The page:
Citizen Reading: 25 July 2016
Friday Book Lists: 29 July 2016

Roberto Canessa's I Had to Survive.

One of the best nonfiction books I've ever read is Piers Paul Read's Alive. It's the account of the 1972 plane crash of a team of high school rugby players (and their friends and family) who, while flying from Uruguay to Chile, crashed in the Andes. (That description does not do it justice. Go read this review.)

A while back another book about the crash came out, this one by one of the survivors, Nando Parrado. So I got that too (Miracle in the Andes), and found it to be another interesting perspective on the crash. So when I saw a new book this year, titled I Had to Survive: How a Plane Crash in the Andes Inspired My Calling to Save Lives, by another one of the survivors, Roberto Canessa, I thought, well, I should probably just read it too.

And after a chapter or two of it, I thought I wouldn't continue--after all, I've read about this story before, and Canessa seemed to be taking the book in the direction of inspirational or self-help, exploring how his time on the mountain and his trek to find rescuers with Parrado shaped his life thereafter. After the crash, Canessa continued his education and medical training and eventually became a world-renowned pediatric cardiologist. Much of this book is about his experiences working with the families of babies with heart issues, and many of those stories are told not only by Canessa but also by the individuals in question.

But I stuck with it, and found that I got sucked into the story all over again. Canessa's account of the first few days after the crash, the screams and moans during the nights stuck in the crashed plane fuselage, and the slow dying of their hope that they would of course be rescued, is just as unbelievable as everything else I've read on the subject. Likewise, his story of the trek out, battling subzero temps, snow blindness, weakness, not knowing where they were, and even one night having to sleep while standing up, perched on a nearly vertical ledge, well, again: unbelievable. As Canessa tells his story, eventually he intersperses more stories of his life after the ordeal, and his professional experiences as a doctor, and those parts are interesting too--to see how the crash and trek perhaps changed him (or more likely highlighted certain aspects of a personality and will he already had), provided yet another valuable viewpoint on the whole story and history.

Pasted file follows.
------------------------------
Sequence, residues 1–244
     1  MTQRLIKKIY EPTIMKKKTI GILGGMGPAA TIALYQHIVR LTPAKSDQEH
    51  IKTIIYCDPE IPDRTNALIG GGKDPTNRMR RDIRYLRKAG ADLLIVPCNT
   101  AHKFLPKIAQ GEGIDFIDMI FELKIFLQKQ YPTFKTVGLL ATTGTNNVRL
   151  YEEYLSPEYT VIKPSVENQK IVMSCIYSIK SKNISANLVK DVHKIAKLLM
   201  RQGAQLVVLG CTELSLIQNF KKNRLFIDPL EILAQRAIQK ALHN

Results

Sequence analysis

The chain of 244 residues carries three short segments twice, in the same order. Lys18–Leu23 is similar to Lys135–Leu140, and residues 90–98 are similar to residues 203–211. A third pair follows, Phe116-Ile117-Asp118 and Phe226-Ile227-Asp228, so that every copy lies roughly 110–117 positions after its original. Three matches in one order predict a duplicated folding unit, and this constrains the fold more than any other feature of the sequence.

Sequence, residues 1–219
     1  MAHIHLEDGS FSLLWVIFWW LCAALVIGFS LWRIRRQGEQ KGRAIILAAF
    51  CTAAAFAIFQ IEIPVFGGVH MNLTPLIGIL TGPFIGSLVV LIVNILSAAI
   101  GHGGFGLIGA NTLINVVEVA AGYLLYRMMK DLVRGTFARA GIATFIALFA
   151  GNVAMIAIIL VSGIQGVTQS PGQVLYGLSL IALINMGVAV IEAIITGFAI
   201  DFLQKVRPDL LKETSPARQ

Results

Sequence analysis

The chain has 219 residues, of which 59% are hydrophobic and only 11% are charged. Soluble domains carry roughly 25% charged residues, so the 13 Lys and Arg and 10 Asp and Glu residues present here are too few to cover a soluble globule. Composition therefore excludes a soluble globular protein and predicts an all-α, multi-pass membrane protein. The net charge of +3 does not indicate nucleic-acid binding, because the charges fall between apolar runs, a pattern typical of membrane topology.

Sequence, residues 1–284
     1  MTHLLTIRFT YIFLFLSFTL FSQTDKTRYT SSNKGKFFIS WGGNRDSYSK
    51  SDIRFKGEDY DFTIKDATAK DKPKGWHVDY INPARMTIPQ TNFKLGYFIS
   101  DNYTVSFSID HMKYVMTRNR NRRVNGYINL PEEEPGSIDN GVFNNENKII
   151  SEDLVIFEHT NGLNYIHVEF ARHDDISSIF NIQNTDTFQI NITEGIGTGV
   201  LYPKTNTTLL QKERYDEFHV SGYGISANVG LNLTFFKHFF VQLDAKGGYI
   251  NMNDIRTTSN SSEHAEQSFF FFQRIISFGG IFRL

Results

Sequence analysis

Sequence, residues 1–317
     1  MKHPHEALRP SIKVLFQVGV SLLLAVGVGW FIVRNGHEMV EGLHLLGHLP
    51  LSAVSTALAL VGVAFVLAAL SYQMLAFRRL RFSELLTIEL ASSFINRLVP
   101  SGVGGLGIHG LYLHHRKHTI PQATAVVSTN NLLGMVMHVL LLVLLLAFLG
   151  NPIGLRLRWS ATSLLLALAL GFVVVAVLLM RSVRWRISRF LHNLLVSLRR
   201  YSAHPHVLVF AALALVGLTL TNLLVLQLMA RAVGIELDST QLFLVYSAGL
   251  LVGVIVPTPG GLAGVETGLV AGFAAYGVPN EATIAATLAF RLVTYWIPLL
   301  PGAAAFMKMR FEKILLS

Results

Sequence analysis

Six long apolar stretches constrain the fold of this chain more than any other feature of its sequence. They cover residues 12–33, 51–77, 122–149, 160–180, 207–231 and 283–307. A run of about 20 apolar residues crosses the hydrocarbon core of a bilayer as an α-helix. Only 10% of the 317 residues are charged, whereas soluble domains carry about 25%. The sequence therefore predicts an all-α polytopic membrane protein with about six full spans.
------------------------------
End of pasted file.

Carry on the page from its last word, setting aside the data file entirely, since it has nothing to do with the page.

The book is written with (or by? who knows), another author, Pablo Vierci, and also includes chapters told by the families of babies whom Canessa has worked with over the years.These chapters were really a bit more inspirational than I typically like to go, but by then I was 180 pages in and figured I had to finish. One woman who has been his patient for more than twenty years reported that Canessa told her that her "heart condition wasn't a disability but simply a series of life's hurdles to be overcome one at a time." (p. 276.) And you know what? Just for today, I did find that a little inspirational. Don't tell anyone, 'kay?

I can't say it's a great book. It's written with someone and it's a bit odd the way it jumps around in viewpoint. If you haven't read anything on this subject you really shouldn't start here; you should start with Alive. But if you have read that book, and feel interested enough to continue, this was a different take on the subject, and could be worth a read to you.